For the record, this *isn’t* the coupon stacking you’re looking for. It is however  how my coupons look when I get backed up. And the Diet Dr. P is a requirement to get through it. 😉 

Today we start getting into the exciting stuff – the fancy schmancy tricks you may not be aware of, but all those big time savers do and use often.

We’re focusing today on Coupon Stacking.

What is coupon stacking?

The simple answer? It’s when you can use two coupons (one store specific coupon and one manufacturer coupon) on one item.

Say for example, you buy Pantene and you have a Target coupon (you know the kind I’m talking about here, the ones that print out at the register? Or maybe you got some in the mail directly from Target?) and you also have a manufacturer’s coupon that you clipped from the Sunday paper flyer. Guess what? You don’t have to choose! You can use both right there in the same trip on that one bottle of Pantene.

Let’s look at that example a little more closely:

Let’s say Pantene is running $3.99 that week. Maybe it’s a sale price, maybe it isn’t – but you’re completely out and have to have it.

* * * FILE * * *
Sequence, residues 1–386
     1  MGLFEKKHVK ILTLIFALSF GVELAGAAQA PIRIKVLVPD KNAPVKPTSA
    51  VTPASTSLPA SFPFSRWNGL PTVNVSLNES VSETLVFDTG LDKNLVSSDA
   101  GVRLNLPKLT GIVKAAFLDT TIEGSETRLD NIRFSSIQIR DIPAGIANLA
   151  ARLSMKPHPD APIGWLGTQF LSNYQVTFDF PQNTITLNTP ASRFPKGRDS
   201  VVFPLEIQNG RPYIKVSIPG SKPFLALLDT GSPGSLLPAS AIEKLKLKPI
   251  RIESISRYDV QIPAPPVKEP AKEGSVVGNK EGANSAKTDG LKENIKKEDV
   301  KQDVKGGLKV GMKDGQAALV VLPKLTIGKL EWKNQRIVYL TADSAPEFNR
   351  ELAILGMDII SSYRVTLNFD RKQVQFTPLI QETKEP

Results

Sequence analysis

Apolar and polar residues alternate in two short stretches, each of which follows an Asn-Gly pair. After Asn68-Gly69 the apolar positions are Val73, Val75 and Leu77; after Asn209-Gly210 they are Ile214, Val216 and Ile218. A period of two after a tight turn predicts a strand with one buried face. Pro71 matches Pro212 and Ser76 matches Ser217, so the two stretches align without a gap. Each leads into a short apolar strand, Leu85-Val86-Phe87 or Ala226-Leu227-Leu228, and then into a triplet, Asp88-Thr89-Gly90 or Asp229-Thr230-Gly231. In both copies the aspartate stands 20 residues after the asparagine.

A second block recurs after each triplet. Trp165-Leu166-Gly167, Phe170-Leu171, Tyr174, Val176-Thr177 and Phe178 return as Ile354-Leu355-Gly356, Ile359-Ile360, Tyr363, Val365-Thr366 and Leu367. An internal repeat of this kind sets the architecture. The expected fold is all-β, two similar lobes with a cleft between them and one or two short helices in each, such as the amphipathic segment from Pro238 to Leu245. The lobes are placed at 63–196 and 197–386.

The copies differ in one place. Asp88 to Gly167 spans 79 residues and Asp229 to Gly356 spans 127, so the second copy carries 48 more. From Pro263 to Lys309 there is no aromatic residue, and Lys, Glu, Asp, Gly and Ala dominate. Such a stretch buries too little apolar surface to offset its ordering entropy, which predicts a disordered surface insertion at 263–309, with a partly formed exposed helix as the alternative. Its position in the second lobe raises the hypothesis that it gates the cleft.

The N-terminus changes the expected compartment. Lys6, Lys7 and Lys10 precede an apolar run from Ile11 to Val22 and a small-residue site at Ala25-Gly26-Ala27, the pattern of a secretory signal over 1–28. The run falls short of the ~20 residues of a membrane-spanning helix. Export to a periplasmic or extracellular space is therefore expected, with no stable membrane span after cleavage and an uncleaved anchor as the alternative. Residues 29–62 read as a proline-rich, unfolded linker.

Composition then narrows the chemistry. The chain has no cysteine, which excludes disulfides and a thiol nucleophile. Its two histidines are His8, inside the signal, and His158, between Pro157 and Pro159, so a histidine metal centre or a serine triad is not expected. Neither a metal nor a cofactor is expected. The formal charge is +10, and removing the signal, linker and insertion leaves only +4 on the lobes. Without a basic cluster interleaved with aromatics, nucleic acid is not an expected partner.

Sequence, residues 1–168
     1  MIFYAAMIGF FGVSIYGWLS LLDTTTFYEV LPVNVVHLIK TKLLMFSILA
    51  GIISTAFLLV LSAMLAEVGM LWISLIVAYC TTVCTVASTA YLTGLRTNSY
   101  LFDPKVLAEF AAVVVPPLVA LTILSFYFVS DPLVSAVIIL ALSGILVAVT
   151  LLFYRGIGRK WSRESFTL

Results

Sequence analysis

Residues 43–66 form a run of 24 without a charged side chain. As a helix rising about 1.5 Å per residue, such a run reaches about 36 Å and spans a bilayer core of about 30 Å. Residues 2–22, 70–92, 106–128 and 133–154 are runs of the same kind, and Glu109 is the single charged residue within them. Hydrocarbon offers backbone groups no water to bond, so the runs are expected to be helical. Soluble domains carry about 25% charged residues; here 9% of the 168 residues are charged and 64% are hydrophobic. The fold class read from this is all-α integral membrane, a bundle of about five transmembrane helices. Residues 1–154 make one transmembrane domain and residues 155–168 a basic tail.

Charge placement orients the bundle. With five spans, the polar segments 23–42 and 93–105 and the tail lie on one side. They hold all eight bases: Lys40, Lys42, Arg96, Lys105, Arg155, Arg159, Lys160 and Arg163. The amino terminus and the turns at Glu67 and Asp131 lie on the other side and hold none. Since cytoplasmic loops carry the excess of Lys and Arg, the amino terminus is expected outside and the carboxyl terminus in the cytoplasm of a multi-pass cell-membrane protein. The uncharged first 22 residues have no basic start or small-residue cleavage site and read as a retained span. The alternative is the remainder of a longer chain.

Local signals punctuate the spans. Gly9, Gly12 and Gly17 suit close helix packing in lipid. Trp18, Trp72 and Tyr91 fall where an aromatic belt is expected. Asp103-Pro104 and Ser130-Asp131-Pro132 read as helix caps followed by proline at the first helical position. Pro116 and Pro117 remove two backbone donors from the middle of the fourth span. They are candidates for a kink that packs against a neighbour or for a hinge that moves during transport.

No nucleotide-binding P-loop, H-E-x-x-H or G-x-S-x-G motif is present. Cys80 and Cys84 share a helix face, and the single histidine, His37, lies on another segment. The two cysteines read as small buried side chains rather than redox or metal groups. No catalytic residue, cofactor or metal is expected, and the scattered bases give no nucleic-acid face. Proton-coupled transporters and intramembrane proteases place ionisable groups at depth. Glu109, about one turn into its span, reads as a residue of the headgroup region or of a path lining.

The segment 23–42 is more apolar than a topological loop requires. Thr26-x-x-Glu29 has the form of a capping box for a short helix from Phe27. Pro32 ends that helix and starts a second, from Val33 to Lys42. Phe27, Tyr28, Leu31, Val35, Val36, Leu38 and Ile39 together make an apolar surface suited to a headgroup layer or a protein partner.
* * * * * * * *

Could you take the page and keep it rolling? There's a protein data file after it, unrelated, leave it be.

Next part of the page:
Pantene $3.99
– one Target store coupon $1.00 off Pantene
– one manufacturer’s Pantene coupon $1.50

= $1.49 plus tax (or 62% savings!)

I do this all the time. All. The. Time. This is one of the big secrets to saving big.

Who allows coupon stacking?

Here’s the bad news: Most stores do not allow coupon stacking.

Target does. So does CVS. (We’ll cover both of these store’s coupon policies this week.)

The key here is that it has to be one store coupon and one manufacturer coupon. You can’t use two manufacturer’s coupons on one item. Store coupons specifically say they are to be used at that store. If the coupon says “Manufacturer’s Coupon” near the expiration date it is not a store coupon. Be careful!

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